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By Linda Currey Post | June 2020
On February 22, 2020, David Ayres, a 42-year-old Canadian who operates the Zamboni ice-grooming machine at National Hockey League (NHL) games, had the kind of miracle moment that most amateur athletes only dream about. After he prepared the rink for a Saturday night match between the Carolina Hurricanes and the Toronto Maple Leafs, Ayres took a break downstairs—so he didn’t see the injuries that sidelined James Reimer and then Petr Mrazek, goaltenders for the Hurricanes.
“I had a couple of text messages that said, ‘get in there,’” Ayres said after the game. “I was in the media room by myself and a guy came in and said, ‘get going.’ Then I walked down the tunnel. It was wild.”
He threw on some borrowed gear and, after a rough start, Ayres, a kidney-transplant survivor, bounced back, making eight saves for the 6-3 win. He cemented his name in hockey history as the first emergency backup goaltender to record a win in the NHL.
Following the game, the Carolina Hurricanes announced that they would start selling T-shirts with Ayres’ name and jersey number 90, donating a portion of the proceeds to a kidney foundation of Ayres’ choice.
Media outlets around the world covered the story, portraying Ayres as a lucky Zamboni driver who jumped in and saved the game, making him an immediate folk hero. Most coverage didn’t mention that Ayres is no stranger to the game: He grew up playing ice hockey, manages the Mattamy Athletic Centre in Toronto, coaches a bantam hockey team, fills in at NHL practice games, and is listed as an emergency backup goaltender. Nevertheless, the story gave fans something to cheer about.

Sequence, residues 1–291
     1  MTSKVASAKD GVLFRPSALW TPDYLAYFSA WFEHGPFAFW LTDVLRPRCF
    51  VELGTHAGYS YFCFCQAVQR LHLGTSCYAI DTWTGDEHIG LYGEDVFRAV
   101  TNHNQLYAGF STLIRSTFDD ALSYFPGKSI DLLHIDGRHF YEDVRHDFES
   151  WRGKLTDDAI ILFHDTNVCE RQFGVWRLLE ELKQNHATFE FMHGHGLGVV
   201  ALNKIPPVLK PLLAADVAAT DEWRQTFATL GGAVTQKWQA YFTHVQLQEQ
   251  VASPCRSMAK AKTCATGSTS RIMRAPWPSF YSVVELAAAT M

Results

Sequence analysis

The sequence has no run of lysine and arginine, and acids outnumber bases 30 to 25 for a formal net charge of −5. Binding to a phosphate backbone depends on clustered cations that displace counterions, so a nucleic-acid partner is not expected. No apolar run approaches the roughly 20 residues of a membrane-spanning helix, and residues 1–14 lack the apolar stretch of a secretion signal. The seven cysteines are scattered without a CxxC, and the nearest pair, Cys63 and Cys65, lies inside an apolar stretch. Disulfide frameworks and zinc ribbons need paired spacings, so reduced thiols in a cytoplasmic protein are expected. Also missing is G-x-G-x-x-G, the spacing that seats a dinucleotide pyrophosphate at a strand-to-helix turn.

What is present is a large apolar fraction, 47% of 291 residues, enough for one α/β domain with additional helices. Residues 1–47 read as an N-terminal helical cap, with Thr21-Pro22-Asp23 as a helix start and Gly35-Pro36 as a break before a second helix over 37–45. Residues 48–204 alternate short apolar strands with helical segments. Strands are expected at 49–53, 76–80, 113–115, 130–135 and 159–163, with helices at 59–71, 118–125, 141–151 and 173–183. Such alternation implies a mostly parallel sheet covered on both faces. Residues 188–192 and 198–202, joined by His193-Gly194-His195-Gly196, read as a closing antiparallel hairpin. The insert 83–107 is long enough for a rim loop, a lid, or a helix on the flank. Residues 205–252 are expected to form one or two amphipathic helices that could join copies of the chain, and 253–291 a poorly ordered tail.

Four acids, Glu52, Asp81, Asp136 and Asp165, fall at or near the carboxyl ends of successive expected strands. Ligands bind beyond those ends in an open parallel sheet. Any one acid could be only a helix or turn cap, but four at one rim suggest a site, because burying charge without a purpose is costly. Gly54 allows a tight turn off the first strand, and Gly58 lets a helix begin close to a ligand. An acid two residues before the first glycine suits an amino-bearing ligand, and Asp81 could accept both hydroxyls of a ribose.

Creating that kind of fan enthusiasm is a sports marketer’s dream, says Clark Morey, an Oracle application sales representative who sells fan experience software, including Oracle Eloqua, to sports teams—to help marketers create their own “David Ayres Moments,” as Morey calls them.
“Sports fans are committed and involved. They are the only customers I know who are willing to have their favorite team logo tattooed on their bodies.”
That’s been tough to do this year as most major sports franchises are sidelined because of the COVID-19 pandemic. With no live games, sports marketers are turning to digital activities to keep fans interested and engaged.
Indeed, fans have been so hungry for sports that they actually look forward to receiving emails from team marketers, Morey says. During the break in live games, the open rate of Eloqua marketing emails to season ticket holders of sports teams owned by Monumental Sports—which include the NHL’s Washington Capitals, the NBA’s Washington Wizards, and the WNBA’s Washington Mystics—has soared to 88%.
That’s where Eloqua software, a part of Oracle Customer Experience (CX) Marketing, comes in. Eloqua allows sports marketers to gather detailed fan information they can use to tailor email messages to individuals. If the marketer knows a fan’s favorite player is Wayne Gretzky, for example, Eloqua can send a message that includes links to Wayne Gretzky merchandise. Or if a fan calls with a question about tickets, the service rep can instantly look up the fan’s entire ticket-buying history and make informed small talk while solving the issue. Soon, Morey says, a simple phone call turns into a memorable interaction—a David Ayres moment for marketing.
36: The number of professional sports teams using the new Eloqua Sports Marketing User Group to share ideas on generating fan involvement.
“Sports fans are committed and involved. They are the only customers I know who are willing to have their favorite team logo tattooed on their bodies,” Morey says.
Morey works with 36 sports teams that are using Oracle Eloqua to communicate with fans during the hiatus. He recently organized a new Eloqua Sports Marketing User Group, and the members have a conference call every Friday to share good ideas.
“The members ask great questions,” Morey says. “They network and share ideas. Their teams compete on the field or on the ice, but the marketers don’t compete for audiences. They’re helping each other.”
Photo by Kevin Sousa/NHLI via Getty Images